Weimann, Harris, Weiss, Bach, A Ghost & Forty Deuce Street
Wednesday, July 30, 2014
Last night’s concert
at UBC School of Music’s Roy Barnett Recital Hall with performers Alexander Weimann
on the harpsichord and Lucas Harris on the lute was beautifully spooky for
several reasons. The concert was the third in the series of the 2014 Vancouver
Early Music Festival produced by Early Music Vancouver.
|Wendelin Tieffenbrucker theorbo rose 16th cent. & Rosa 'Charles de Mills'|
Around 1968 I
purchased a Nonesuch Recording of Walter Gerwig playing some of J.S. Bach’s lute
music. Immediately it became obvious to me that the lute had a sound that a
guitar lacked. It was a sound that made my spine tingle. I have never known (at
least until last night) why it is that the bass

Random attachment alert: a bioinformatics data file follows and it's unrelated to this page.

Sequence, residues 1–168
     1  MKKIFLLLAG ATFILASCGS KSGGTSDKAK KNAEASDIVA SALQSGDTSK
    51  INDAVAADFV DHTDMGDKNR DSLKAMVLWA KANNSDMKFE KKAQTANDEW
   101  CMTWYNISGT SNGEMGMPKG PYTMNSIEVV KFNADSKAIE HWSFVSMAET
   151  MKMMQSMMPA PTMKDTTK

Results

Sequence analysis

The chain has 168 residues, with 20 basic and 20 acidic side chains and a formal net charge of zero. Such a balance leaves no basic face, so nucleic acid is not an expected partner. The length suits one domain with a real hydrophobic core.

notes of any lute somehow are unique to the point that my only basis for
comparison were some bass notes that jazz trombonist J.J. Johnson played on his
instrument at the Vancouver Playhouse many years ago. For me the individual
notes of a violin, a flute, the oboe (and until last night) of a harpsichord
have no emotional penetration except when combined in a chord. Only that
individual sound of one (or perhaps two as lutes have double strings called
courses) affects me emotionally. I did not know why but then I asked lutenist,
lute maker, baritone, etc Ray Nurse at the concert last night. This is his
The lowest notes on
the theorbo or archlute have a remarkably profound and projecting sound. This is partly due to the lowness of the
notes (below the low C of the cello), but especially because the colour of these